The automotive industry is facing several changes that will shape the future of mobility and production. The car of the future will be electric, connected, and automated, and it will provide benefits for individual consumers and society as a whole. One major message of the recent Automotive in Transition Conference in Budapest was that the automation revolution is bringing challenges, but it is also bringing new opportunities for Hungary to emerge stronger from the transition process.
What will the future bring? Cars will be equipped with both internal and external sensors which will collect an immense amount of data. To be able to enjoy the full service of a connected car, we will have to disclose all this data, which raises questions about what data should be stored, where and who should store it, and how and in what context it should be used? Some original equipment managers (OEMs) use proprietary platform solutions where all data is stored in one place, and it belongs to the OEM. Alternatively, neutral platform solutions want to make data available to every interested party. The HERE network uses a hybrid-type platform, which is only open to members of a specific network.
As for the future of autonomous cars, if AI is to be used in a driving system, it has to be as good as a human driver or even surpass a human’s capabilities. How can we make sure that AI will always act in full compliance and make decisions in line with our ethical values? The EU Commission recently published a draft “Ethics Guidelines for Trustworthy AI” in support of human-centric AI. This policy paper should give AI developers a practical list of considerations in regard to important ethical decisions. But according to the Commission, ethics is not enough. The High-Level Expert Group stresses the importance of trustworthiness and technical robustness.
Another important question is: who is liable if something goes wrong? In this context, regulators and stakeholders must carefully consider and discuss the liability regime for AI systems so that society can take full advantage of AI’s innovative benefits. This applies to the use of AI in self-driving cars, but also for the use of AI – or robots – in manufacturing.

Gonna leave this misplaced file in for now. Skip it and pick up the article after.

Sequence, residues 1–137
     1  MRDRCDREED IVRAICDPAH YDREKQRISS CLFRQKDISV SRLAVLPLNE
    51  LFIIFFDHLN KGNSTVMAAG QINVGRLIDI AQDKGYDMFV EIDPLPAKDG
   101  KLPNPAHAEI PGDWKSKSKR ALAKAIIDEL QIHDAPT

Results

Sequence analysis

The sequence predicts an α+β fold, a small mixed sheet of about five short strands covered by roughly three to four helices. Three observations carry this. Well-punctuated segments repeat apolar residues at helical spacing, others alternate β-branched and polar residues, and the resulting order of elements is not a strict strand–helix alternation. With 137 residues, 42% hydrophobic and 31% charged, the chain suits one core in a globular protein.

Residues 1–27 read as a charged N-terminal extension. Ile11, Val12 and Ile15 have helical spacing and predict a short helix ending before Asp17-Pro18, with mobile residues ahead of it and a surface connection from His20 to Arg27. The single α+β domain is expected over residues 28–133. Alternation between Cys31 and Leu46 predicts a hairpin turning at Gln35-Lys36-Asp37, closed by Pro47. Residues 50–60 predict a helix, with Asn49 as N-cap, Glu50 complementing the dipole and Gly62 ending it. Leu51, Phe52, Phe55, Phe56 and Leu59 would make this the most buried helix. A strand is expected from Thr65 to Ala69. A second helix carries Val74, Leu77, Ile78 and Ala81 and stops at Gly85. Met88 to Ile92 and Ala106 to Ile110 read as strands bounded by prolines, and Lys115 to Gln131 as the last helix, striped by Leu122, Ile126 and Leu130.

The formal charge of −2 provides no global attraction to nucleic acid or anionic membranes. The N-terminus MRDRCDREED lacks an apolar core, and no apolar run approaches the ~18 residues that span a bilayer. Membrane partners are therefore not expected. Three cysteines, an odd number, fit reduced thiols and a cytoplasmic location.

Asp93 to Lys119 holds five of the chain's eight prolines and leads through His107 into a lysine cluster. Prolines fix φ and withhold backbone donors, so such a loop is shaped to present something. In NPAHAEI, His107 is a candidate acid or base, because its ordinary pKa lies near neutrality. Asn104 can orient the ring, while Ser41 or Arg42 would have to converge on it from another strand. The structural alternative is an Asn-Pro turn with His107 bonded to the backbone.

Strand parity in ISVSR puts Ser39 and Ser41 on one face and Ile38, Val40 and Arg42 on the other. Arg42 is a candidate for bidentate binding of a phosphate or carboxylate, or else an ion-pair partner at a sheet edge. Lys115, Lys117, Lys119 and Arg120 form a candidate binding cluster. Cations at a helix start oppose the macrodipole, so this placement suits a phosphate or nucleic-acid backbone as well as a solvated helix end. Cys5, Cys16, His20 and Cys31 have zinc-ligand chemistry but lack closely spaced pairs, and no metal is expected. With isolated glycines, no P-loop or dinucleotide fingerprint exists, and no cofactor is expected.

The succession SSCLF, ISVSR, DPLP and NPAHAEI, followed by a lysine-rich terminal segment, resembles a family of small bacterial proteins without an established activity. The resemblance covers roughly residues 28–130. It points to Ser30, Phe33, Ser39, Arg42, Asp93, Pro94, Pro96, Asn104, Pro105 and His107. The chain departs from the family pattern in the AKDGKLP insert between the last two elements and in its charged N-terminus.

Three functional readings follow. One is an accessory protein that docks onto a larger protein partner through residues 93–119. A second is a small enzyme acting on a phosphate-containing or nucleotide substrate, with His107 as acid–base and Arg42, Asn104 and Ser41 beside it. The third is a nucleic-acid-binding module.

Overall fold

Regarding highly or fully automated cars, the legal situation seems to be clear in those countries in the EU governed by the concept of keeper liability. In general, product liability rules give the person who suffers damage a claim against the manufacturer. For cars, keeper liability grants risk coverage in addition to the product liability regime and makes the keeper liable for damages caused by the car even if he is not in fault or acted negligently. The driver of the car has no liability if the driving system is driving as long as he fulfils all obligations to take over control if the system asks him to do so. According to the amended regulations of the Vienna Convention on Road Traffic, which has been ratified by Hungary and the majority of the EU member states, there must be a driver in a car, but he can be replaced by a driving system as long as he is able to regain control. Currently, there is an amendment to the Convention being discussed which could pave the way for driverless cars on our streets in the future.
But what about AI used in robots in a plant where there is no registered keeper? Who is liable if robots cause damage? In general, our liability regime is structured in a way that any action can always be attributed to a human being. Machines have always been seen as tools of their manufacturers. However, robots might not be considered tools of the producer anymore if AI makes decision based on learned behaviour, which cannot be foreseen by the manufacturer and cannot be fully explained afterwards. Tort law rules require that there be an actor who causes damage, but who exactly is “acting” in the case of AI? The user of the robot? The owner? The producer? The programmer? The system itself? Is it justified to make a manufacturer ultimately responsible for systems based on the product liability regime? If the number of autonomous decision-making systems increase in the future and tort law rules give no valid results, strict product liability rules would apply, which would lead to a massive liability shift towards the producer that could be an obstacle to innovations entering the market. Therefore, the EU commission is currently reviewing product liability law and the liability regime. A study will be published in the middle of 2019 with proposals to create harmonized liability rules. Creating legal certainty around liability issues within the EU will also strengthen Hungary’s position as a global AI development center.
By Martin Wodraschke, Co-Head of Auto-Tech Group, CMS
This Article was originally published in Issue 6.2 of the CEE Legal Matters Magazine. If you would like to receive a hard copy of the magazine, you can subscribe here.